On Saturday, we played cricket.
Now, stick and ball games have not been my strong suit. In neighborhood pick-up softball games, I played far outfield, and had few (if any) hits, and never, ever scored. During my freshman year at university, I took tennis for a quarter and didn’t treat it with the reverence the instructor required. She would frequently “forget” something in her office and ask that I retrieve it just to get me off the court. Regardless, when some cruisers from Britain announced they would set up a cruisers’ cricket game, I quickly signed my name and EW’s to the roster. We had attended a cricket match a few weeks ago and it seemed to be a much more relaxed game than softball. I knew that the cruisers used tennis balls that are taped with blue masking tape to provide a softer ball with the right amount of play. Cricket bats are much wider than baseball bats so I have a much better chance of hitting the ball – and in cricket, all you really have to do is protect the wicket. If I could do that successfully for 12 pitches, than I wouldn’t disgrace myself at bat. The Aussies who had taken us to the match had very generously spent time teaching us the basics of the game, so I even had an idea of how things work.
There’s a great description and excellent diagrams and photos of the field on Wikipedia. But allow me to provide the essentials – keeping in mind that the rules of our game were eased to help the American and Danish players.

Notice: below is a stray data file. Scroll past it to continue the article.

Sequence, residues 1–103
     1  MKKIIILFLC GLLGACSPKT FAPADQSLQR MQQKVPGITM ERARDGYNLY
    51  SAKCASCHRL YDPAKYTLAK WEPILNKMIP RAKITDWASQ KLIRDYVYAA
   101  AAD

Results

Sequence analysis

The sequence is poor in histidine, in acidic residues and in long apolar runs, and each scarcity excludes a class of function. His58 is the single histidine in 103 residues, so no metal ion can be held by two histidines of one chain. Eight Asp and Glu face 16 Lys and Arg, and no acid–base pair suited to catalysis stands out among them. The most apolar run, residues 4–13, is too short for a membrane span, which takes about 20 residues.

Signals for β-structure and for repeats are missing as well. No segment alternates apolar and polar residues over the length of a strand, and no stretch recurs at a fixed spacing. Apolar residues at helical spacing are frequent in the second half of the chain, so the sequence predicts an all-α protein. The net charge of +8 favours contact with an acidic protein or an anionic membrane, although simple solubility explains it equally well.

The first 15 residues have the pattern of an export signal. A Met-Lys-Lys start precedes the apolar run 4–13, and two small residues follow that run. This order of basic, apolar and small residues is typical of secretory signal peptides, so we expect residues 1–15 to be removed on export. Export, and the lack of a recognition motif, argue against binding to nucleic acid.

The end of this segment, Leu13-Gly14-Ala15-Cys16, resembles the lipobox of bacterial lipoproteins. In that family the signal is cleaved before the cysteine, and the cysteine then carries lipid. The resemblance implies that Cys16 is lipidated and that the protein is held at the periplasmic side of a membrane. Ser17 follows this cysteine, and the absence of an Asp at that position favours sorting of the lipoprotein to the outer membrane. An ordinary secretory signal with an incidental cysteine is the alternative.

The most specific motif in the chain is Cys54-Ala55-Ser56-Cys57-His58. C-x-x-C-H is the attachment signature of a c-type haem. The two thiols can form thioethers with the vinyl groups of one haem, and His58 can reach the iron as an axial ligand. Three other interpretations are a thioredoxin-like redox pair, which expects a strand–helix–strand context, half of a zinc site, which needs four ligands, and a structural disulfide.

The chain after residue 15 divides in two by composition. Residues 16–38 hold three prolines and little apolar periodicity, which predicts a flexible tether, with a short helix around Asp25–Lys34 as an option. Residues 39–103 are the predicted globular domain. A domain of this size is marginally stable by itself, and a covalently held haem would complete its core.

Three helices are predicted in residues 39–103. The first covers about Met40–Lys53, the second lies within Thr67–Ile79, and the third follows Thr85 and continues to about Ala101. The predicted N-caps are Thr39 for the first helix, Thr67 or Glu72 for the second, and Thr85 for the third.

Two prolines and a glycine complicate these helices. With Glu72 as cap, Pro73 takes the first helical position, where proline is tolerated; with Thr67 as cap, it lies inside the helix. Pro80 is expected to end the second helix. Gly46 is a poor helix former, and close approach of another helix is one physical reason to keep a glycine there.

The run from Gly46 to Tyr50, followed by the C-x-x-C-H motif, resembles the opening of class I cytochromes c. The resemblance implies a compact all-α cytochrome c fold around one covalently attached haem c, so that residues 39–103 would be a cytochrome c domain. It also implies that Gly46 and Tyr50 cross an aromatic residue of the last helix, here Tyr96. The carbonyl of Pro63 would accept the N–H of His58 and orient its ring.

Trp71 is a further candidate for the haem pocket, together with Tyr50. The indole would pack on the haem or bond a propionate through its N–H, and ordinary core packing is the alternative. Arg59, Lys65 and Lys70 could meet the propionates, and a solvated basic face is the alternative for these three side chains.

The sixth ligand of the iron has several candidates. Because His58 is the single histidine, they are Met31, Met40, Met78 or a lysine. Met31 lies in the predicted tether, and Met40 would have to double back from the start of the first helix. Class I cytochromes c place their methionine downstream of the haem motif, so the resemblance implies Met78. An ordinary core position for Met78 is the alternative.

Cricket is actually played on a large round field, traditionally with a huge hemp hope outlining the boundaries. In the center of this circle is the pitch with two “wickets”. In a short game (there are cricket games that last for 5 days) each team is at bat once, and can remain at bat for hours. The batters’ primary objective is to protect the wicket. There are two batters on the field all the time – both from the same team. The bowler, or the person from the opposing team who pitches the ball, bowls first from one side than moves and pitches to the other hitter.
I’m not sure how this works in real games. In our game, each batter received 12 pitches if he or she didn’t get out. Each bowler pitched 6 times from one end and then walked to the other end of the pitch to bowl from the other direction. If the batters hadn’t run, then the bowler would be pitching to a new batter, but if one of us had made a short hit and run for a point, then the bowler would pitch to the same batter from a different direction. (This isn’t as confusing as it sounds. Really.) So, when I went out to the pitch to bat, my goal was to stay for the full 12 pitches, protect the wicket and run if I or my batting team-mate hit the ball.
The rectangular photo of a real pitch above was stolen from Wikipedia. Here is our pitch and wicket: beer crates with plastic bottles on top. The bottles have a bit of water in them. If they get knocked over, the batter is out. This can occur by the bowler hitting the wicket with the ball, by the batter hitting or running into the wicket, or by the fielders throwing the ball toward the wicket to get the runners out.
The bowler tries to knock the wicket over when he throws the ball. Batters must protect the wicket. Batters cannot protect the wicket with their legs, or really with their bodies at all – but we weren’t called out if a ball hit our legs in this friendly game. (It didn’t hurt much either and the bruise is quite small.)
Remember that rope? We had boundaries in a more rectangular field. If a ball is hit over that rope (or our boundaries) without touching the ground inside, the batting team earns 6 points. If the ball rolls over the rope, they earn 4 points. They don’t have to actually run to earn those points. But if the batter hits the ball and thinks he (or she) can run to make points, then (s)he runs to the other wicket and the other batter on the same team must run to the opposite wicket.